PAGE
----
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  • TFAH Releases Strategies to Improve Nation's Health in 4 Years

    A new report that seeks to move the nation from "sick care" to "health care" encourages all employers, including federal, state, and local governments, to provide effective, evidence-based workplace wellness programs.

    Trust for America's Health's (TFAH) A Healthier America 2013: Strategies to Move from Sick Care to Health Care in Four Years outlines top policy approaches to respond to studies that show that (1) more than half of Americans are living with 1 or more serious, chronic diseases, a majority of which could have been prevented; and (2) today's children could be on track to be the first in US history to live shorter, less healthy lives than their parents.

    The Healthier America report stresses the importance of taking innovative approaches and building partnerships with a wide range of sectors in order to be effective. Some recommendations include:

    • Advance the nation's public health system by adopting a set of foundational capabilities, restructuring federal public health programs, and ensuring sufficient funding to meet these defined foundational capabilities;
    • Ensure insurance payment for effective prevention approaches both inside and outside the physician's office;
    • Integrate community-based strategies into new health care models, such as by expanding accountable care organizations into accountable care communities; and
    • Work with nonprofit hospitals to identify the most effective ways they can expand support for prevention through community benefit programs.

    Healthier America features more than 15 case studies from across the country that show the report's recommendations in action. It also includes recommendations for a series of 10 key public health issues.

    After the report's release, economic experts came out against TFAH's position on preventive care's role in reducing health care spending. (See related article posted in News Now titled "Experts Say Preventive Care Produces Limited Savings.")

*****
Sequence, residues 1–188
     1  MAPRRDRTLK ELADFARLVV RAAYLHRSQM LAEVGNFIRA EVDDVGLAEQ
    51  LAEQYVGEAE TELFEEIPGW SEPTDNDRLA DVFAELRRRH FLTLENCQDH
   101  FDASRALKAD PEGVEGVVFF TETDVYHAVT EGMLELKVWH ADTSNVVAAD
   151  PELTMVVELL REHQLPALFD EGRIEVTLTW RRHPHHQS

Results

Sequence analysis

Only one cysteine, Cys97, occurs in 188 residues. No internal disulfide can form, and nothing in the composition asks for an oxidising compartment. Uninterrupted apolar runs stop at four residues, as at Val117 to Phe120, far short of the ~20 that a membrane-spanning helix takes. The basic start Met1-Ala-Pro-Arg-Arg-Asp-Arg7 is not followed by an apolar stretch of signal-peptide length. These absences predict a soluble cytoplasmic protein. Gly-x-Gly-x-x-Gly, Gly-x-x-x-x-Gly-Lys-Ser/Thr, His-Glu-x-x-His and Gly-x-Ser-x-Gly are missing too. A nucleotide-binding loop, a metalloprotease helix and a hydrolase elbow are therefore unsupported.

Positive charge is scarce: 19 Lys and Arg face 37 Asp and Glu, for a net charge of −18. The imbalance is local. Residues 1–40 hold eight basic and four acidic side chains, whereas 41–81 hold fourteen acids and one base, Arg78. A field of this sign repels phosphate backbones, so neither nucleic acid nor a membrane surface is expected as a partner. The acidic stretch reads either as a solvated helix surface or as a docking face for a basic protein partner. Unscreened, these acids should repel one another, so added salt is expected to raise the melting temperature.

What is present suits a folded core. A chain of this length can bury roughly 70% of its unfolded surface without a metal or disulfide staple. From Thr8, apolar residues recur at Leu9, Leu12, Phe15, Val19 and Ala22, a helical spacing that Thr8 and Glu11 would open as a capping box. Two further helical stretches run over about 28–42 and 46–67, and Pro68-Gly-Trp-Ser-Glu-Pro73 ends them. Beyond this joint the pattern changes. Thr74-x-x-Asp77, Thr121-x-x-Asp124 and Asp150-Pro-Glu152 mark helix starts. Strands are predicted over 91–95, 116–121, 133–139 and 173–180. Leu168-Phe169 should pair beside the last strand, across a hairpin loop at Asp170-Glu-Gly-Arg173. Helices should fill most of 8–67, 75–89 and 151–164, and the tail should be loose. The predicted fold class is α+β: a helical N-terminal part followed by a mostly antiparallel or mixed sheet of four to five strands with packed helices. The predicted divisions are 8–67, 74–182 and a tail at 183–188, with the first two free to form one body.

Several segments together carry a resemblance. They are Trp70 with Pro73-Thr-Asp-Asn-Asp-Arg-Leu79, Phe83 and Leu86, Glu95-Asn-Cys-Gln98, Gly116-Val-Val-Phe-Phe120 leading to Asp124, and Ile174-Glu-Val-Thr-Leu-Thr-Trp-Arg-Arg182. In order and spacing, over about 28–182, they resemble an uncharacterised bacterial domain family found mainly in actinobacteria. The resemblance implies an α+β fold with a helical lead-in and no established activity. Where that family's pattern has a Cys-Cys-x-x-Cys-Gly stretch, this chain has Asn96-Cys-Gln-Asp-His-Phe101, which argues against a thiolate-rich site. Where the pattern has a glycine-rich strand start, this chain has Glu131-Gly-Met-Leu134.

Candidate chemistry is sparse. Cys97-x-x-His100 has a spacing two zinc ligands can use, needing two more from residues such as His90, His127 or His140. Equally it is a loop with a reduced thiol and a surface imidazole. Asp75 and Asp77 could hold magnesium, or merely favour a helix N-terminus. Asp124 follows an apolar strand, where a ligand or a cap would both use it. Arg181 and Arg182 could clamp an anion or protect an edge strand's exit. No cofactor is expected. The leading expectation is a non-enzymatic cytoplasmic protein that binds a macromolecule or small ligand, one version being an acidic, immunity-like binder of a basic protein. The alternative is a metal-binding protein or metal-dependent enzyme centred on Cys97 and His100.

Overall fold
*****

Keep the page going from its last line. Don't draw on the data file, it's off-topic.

Experts Say Preventive Care Produces Limited Savings

    While some disease-prevention programs do produce net savings, such as childhood immunizations and counseling adults about using baby aspirin to prevent cardiovascular disease, most preventive care does not save money, says an article by Reuters News.

    Following the release yesterday of a new report from Trust for America's Health (TFAH) that calls for putting more resources into preventive care, economic experts challenged TFAH's position on preventive care's role in reducing health care spending. (See related article posted in News Now tilted "TFAH Releases Strategies to Improve Nation's Health in 4 Years.")

    "Preventive care is more about the right thing to do" because it spares people the misery of illness, economist Austin Frakt of Boston University told Reuters. "But it's not plausible to think you can cut health care spending through preventive care. This is widely misunderstood."

    A 2010 study in Health Affairs, for instance, calculated that if 90% of the US population used proven preventive services, more than do now, it would save only 0.2% of health care spending.

    One reason why preventive care does not save money, say health economists, is that some of the best-known forms don't actually improve someone's health. These low- or no-benefit measures include annual physicals for healthy adults.

    The second reason preventive care brings so few cost savings is the large number of people who need to receive a particular preventive service in order to avert a single expensive illness.

    A promising approach is to target preventive care at those most likely to develop a chronic disease, not at low-risk people. Such "smart" prevention increases the chances of preventing expensive diseases and saving money.

    In contrast, unthinking expansion of preventive medicine is the wrong prescription, the article says.